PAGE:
An expected reaction

Today I’m feeling anxious. I expected to feel anxious. Although I wouldn’t necessarily have pinpointed today as the day for it, I knew it was coming this week.

I have a reading on Friday in Sudbury. I’ll be one of two authors billed for this event – the other being songwriter and poet Mark Dunn. I’m anxious about this event on several counts.

Silly as it may sound, I’m anxious about what to wear. I have several nice outfits, but I need to do a couple of things like buy some nylons, the short ones to wear under pants or long skirts, and decide what to do with my hair, and whether or not to wear lipstick. I haven’t worn makeup for thirty-some years, and a year or so ago my friend Angie coaxed me into putting on lipstick. She said it looked good on me, and actually gave me the lipstick in question. Other people remarked on how nice it looked. This was astonishing to me, because I feel like a clown in makeup. But does how I feel about it matter? I’m performing, and clearly the audience likes lipstick.

Perhaps some of you would say, “They’re not there to look at you, Elizabeth, they’re there to hear you read.” Maybe you’d think this would help the anxiety, but you’d be wrong. See, I have thirty minutes all to myself up there in front of a bunch of literary-type people, and I write short things. This means I’ll be reading several pieces.

Obviously I’m going to open and close with something from “Shepherd in Residence”, because Laurence has arranged this in part as a way for Mark and me to do a little pre-release promotion for our books. In between, however, I figure I’ll have room for two pieces. I want to read something from “The Swan Harp”, and I want to read a free-standing story. But what from “The Swan Harp”, and which story? Should I go funny, or serious? Fantasy, science-fiction, horror? Something published, or something new? And for that matter, what should I read from “Shepherd”?

Those of you who know me well, and who know what an attention hog I am, might be surprised that I’m anxious at all about performing. I’ve done it for years, right? Radio, craft shows, retail – it’s all performing, being “on” for the audience. I’ve even done Open Mike nights. I’ve MC’d for Stories in the North.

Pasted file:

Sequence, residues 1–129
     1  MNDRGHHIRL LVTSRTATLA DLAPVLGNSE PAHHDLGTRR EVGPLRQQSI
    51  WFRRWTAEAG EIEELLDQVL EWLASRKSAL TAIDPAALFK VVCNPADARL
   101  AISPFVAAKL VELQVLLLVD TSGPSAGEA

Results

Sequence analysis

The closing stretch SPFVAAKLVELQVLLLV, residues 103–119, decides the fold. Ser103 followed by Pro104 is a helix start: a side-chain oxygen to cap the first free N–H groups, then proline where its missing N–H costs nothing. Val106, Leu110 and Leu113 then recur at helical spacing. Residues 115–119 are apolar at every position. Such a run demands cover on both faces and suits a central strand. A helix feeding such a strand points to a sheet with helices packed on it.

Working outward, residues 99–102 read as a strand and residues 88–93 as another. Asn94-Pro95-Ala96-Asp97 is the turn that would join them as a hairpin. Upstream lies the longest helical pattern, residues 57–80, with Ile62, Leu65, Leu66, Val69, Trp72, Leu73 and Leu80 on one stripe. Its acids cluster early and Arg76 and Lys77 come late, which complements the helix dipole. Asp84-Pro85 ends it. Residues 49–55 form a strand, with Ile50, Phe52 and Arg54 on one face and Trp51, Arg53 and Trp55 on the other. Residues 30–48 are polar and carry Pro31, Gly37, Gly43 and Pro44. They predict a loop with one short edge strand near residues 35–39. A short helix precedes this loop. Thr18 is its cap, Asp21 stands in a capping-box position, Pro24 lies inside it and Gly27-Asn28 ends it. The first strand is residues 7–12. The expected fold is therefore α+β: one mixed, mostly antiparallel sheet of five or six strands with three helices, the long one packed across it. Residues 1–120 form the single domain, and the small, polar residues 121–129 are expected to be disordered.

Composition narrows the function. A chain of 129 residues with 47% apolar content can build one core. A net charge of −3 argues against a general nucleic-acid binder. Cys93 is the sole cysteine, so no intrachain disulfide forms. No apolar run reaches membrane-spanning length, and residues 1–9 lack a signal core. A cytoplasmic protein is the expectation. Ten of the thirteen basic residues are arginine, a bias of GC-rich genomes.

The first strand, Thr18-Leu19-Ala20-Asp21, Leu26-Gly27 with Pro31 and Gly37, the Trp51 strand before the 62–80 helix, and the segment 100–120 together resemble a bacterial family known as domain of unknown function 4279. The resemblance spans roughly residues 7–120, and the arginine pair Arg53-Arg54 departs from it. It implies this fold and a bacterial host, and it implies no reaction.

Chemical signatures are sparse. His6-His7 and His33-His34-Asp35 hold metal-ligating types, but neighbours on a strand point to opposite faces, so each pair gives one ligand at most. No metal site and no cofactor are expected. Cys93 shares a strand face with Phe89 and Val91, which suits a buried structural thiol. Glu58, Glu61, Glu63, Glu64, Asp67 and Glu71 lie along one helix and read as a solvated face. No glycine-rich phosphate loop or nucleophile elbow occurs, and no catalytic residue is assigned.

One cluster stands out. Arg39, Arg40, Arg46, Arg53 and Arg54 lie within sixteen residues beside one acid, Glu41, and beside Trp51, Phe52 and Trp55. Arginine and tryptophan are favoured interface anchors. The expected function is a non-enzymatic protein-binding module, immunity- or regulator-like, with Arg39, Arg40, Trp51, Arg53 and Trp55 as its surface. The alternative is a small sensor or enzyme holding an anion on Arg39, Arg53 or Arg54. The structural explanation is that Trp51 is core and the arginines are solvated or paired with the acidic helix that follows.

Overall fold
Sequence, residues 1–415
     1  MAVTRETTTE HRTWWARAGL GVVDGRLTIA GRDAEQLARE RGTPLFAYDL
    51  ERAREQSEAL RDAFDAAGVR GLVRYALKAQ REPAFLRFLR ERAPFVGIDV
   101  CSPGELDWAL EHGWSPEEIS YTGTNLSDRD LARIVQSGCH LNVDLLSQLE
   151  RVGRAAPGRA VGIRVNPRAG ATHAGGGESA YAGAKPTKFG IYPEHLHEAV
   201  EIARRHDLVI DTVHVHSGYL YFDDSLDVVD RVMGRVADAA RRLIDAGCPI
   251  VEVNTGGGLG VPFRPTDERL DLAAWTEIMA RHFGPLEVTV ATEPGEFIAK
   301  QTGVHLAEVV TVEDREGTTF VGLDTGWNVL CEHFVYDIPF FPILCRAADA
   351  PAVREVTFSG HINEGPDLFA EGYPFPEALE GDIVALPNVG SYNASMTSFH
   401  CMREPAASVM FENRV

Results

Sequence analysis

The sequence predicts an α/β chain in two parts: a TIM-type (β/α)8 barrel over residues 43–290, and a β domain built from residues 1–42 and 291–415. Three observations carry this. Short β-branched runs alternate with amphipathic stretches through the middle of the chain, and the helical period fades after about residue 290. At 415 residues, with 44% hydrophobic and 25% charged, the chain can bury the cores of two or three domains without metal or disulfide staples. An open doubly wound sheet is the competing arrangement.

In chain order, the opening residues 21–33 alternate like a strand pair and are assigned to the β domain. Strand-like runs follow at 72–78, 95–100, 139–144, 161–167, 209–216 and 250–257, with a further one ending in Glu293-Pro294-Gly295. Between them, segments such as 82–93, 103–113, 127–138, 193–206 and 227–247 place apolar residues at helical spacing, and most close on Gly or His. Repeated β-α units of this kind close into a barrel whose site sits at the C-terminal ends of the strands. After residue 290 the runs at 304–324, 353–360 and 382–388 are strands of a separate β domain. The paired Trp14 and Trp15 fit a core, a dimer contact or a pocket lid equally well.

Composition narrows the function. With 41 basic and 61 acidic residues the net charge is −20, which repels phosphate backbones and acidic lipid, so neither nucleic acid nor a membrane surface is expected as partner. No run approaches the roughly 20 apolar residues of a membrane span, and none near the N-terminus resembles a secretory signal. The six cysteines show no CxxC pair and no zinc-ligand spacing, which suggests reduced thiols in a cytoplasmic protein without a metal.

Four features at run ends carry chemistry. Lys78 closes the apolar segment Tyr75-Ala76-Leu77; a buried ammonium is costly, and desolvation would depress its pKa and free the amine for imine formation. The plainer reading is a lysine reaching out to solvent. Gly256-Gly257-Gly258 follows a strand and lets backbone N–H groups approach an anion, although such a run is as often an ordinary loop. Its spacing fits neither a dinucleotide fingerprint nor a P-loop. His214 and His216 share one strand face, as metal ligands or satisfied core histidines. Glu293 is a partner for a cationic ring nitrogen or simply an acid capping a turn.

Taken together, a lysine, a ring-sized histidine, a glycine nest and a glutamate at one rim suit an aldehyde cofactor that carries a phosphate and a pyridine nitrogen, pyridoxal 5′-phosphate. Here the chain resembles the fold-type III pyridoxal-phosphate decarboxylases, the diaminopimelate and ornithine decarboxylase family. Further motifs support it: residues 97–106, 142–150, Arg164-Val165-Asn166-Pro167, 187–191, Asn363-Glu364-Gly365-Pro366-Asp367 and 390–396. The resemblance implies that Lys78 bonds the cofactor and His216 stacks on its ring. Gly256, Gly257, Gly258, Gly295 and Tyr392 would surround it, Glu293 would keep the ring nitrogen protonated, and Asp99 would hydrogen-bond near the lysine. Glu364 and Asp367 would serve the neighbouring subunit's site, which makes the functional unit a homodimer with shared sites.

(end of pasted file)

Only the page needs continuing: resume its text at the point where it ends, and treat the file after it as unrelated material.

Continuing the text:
My guilty little secret is that, yes, I do get the butterflies in the stomach, the fear that I’ll forget my lines or lose my place, or stumble, or do something horrible and socially unacceptable. My chest might get tight and make my voice squeak – that happened the very first time I was recorded for radio. On radio you can re-record – there are no do-overs in live performance.

I know that in the end I’ll do a good reading. If I make a mistake probably nobody will know but me. For now, however, for the next few hours, the butterflies have me.

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7 Responses to An expected reaction

  1. Father Steve says:

    I once proposed that all lawyers who appear in court in Washington State ought to wear barrister’s gowns, especially when practicing before a jury. The immediate reaction was that I was an old fuddy-duddy, an antiquarian, and a weirdo. My motivation had to do with the difficulty which lawyers, especially women lawyers, experience in trying to decide how to dress for the jury. They want to be feminine but not too girly, professional but not too stiff and proper. It is tough! I thought that simple black barristers gowns for everybody would level the playing field. I was the only person in this state’s judiciary who though it was a good idea. Oh, well.

  2. lucinda kempe says:

    Aw, E. You’ll be great. Dab a bit of color on ye lips and read. When they hear the material the audience will fall into the words.

    By the by, break a word.

  3. ecreith says:

    I think you had a great idea, Father Steve. A uniform is a wonderful thing when it comes to the what-to-wear department. And yes, Lucinda, I’m going with the lipstick.

  4. Henry Troup says:

    Travel safely!

  5. ecreith says:

    Thanks! The roads were clear. The reading was great – energizing and fun and exciting.

  6. Angie Gallop says:

    Ha! So great to hear that the fantastic Ms. Creith gets a spot of nerves from time to time.
    I come from a long line of women who continually check to make sure their lipstick is fresh. I am the rebel of the family and almost never wear it. So, when I read this post mentioning my little lipstick gift to you and its impact, I laughed out loud at the irony!
    Ah… what a pleasure to be back in the Scriptorium! And yes, I may slap on some lipstick (with safe ingredients!) for our lunch meeting this afternoon.

  7. I noticed the lipstick!

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